It’s that time of year where I’m blowing the dust off of my holiday cookbooks, putting on my army fatigues and war-paint, and getting ready for the Thanksgiving week cook-a-thon.
Do I want to go funky or traditional this year? Challenge my diners, or, give into their plebian whims? Maple-glazed sweet potatoes with tender chunks of pineapple and apricots? Or, the classic casserole option that everyone loves to eat, but brings tears to my eyes from a culinary perspective: sweet potato mush meets indiscernible coating of marshmallow fluff and caramelized brown sugar?
As my husband tells me all of the time: “You and your champagne problems…”
Me and my champagne problems.
Sadly, those champagne problems threaten to plague me throughout this week, until I collapse into my bed on Thanksgiving night.
Meanwhile, my friend is hours away from filing divorce; another friend just miscarried her baby; and yet another friend lost her job last week.
Ugh. Yes, it has been one of those weeks. One of those weeks where it appears that the enemy has won.
So what I am to do with my champagne problems in light of the realities and hardships that swirl around me? Quit cooking? Keep cooking and act oblivious?
While the Bible doesn’t give me clear directive over whether I should quit preparing my feast, Ephesians 1:16 helps me to put my champagne problems into perspective this week:
“I have not stopped giving thanks for you, remembering you in my prayers.”
This is a verse I have glossed over a million times, always thinking of it as one of those Christian platitudes that have very little meaning. For some reason, though, it gives me instruction today on what I should be doing this week–whether on my lunch break, while driving in my car, or even while making sweet potatoes.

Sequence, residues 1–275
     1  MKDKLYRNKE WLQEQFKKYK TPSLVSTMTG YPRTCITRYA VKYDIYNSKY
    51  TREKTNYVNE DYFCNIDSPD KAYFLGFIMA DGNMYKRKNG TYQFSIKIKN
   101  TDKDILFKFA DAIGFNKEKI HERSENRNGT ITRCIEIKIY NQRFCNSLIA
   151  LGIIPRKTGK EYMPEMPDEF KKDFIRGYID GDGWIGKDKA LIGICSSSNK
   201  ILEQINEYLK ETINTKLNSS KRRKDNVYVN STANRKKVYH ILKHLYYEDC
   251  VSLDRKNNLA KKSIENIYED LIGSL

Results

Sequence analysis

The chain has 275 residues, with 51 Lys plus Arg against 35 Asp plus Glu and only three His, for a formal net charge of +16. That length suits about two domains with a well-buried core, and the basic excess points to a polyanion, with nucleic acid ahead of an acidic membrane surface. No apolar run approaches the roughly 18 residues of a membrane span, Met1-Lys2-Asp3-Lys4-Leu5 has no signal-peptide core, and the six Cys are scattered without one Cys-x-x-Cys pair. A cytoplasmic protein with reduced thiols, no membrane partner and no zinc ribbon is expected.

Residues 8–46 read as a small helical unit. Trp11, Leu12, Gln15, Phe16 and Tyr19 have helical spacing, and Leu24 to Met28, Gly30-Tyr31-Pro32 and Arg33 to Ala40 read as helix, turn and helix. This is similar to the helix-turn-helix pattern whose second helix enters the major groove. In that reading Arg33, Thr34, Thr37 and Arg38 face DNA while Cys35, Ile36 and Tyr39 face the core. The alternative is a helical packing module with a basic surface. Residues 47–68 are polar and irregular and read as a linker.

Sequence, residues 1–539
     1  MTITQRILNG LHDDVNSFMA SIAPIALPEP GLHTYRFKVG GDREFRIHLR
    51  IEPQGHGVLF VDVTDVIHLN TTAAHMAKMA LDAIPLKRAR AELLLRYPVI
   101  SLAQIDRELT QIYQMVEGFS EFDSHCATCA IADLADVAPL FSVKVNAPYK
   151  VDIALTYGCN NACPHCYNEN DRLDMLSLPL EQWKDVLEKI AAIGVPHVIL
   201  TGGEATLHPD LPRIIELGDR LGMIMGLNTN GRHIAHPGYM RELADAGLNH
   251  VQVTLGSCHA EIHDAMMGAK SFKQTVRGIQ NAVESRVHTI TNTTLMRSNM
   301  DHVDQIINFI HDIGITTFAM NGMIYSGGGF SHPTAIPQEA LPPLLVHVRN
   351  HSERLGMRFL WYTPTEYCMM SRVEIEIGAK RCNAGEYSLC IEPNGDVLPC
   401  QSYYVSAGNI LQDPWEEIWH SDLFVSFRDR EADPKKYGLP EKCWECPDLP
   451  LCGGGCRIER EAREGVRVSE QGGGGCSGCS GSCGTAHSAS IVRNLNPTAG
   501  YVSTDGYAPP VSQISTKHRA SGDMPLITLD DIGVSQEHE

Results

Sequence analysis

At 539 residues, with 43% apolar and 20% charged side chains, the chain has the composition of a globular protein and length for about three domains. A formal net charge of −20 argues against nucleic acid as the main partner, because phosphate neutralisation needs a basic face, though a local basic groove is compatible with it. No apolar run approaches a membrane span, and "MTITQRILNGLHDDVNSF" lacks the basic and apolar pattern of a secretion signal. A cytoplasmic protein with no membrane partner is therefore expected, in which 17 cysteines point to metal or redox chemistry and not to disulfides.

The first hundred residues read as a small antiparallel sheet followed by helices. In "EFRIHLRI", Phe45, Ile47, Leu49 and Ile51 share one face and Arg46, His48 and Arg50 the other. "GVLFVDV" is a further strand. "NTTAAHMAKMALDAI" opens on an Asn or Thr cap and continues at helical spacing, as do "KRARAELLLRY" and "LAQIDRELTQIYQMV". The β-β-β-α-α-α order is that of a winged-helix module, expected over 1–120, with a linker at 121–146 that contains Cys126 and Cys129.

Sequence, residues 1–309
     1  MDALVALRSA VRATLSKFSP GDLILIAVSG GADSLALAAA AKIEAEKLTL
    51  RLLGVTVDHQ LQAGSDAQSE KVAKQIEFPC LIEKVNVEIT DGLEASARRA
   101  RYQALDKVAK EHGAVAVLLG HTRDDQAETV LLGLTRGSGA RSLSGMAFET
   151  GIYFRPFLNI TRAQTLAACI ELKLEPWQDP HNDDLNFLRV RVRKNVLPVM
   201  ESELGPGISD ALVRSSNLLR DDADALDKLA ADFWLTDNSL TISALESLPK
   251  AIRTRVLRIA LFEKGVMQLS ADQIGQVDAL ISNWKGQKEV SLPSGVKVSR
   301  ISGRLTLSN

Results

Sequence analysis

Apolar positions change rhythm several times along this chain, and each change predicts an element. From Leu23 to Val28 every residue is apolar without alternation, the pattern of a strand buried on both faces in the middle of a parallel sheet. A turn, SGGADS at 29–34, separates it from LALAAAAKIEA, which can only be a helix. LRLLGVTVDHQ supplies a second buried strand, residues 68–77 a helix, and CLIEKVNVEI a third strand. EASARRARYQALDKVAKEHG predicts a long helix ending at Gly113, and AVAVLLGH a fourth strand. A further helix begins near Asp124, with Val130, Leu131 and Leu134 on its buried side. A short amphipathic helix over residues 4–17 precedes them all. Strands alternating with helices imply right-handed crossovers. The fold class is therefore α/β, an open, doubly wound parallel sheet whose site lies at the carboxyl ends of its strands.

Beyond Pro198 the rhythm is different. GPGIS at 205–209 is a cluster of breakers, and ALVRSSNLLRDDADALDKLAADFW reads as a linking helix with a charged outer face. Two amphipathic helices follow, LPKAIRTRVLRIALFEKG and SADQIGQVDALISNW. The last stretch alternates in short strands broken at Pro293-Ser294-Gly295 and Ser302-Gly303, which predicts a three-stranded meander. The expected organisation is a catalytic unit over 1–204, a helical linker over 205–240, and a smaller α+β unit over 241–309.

Leigh: I want you to know that I thank God for you. I thank God for the way you make me laugh, the way you put me in my place, the way you always know how to center me. I pray that in the midst of your divorce, I will be the friend that you have always been to me. I pray healing for your heart, restoration for your soul, and for God’s warm embrace to shield you from pain.
Melanie: I thank God for bringing you into my life. Seeing your smile makes me joyful and always puts an extra spring into my step. I’m so grateful for the joy you have given me over the years, and I pray that it be returned to you a hundred-fold, even a thousand-fold. I pray that you experience strength in knowing that your baby is lovingly being cared for by her Heavenly Father.
Danielle: Thank You, God, for my friend who always checks in on me. Rain or shine, you are a faithful friend who is loyal to the end. Lord, I haven’t always returned the favor, and so I ask You that You teach me to be a friend like Danielle. Teach me to reach out to her, while she is going through this difficult time. Build up her confidence and her faith, Lord, and help her to rise up from this setback even stronger, braver and wiser.
Ladies, take the time to really thank God for your friends this week. Encourage them, share with them, express your gratitude to them.
Lift them up in prayer when you get overwhelmed with your champagne problems. Intercede for them and with them, so that their burdens are removed and cast far into the sea of God’s forgetfulness.
Today, may your champagne problems fall off like scales from your eyes, with true perspective and meaning in this week of Thanksgiving.